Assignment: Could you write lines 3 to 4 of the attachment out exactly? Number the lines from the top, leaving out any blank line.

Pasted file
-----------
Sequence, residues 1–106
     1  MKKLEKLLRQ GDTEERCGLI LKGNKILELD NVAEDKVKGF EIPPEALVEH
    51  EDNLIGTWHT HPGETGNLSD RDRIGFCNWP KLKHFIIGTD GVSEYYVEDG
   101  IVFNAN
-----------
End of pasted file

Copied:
    51  EDNLIGTWHT HPGETGNLSD RDRIGFCNWP KLKHFIIGTD GVSEYYVEDG
   101  IVFNAN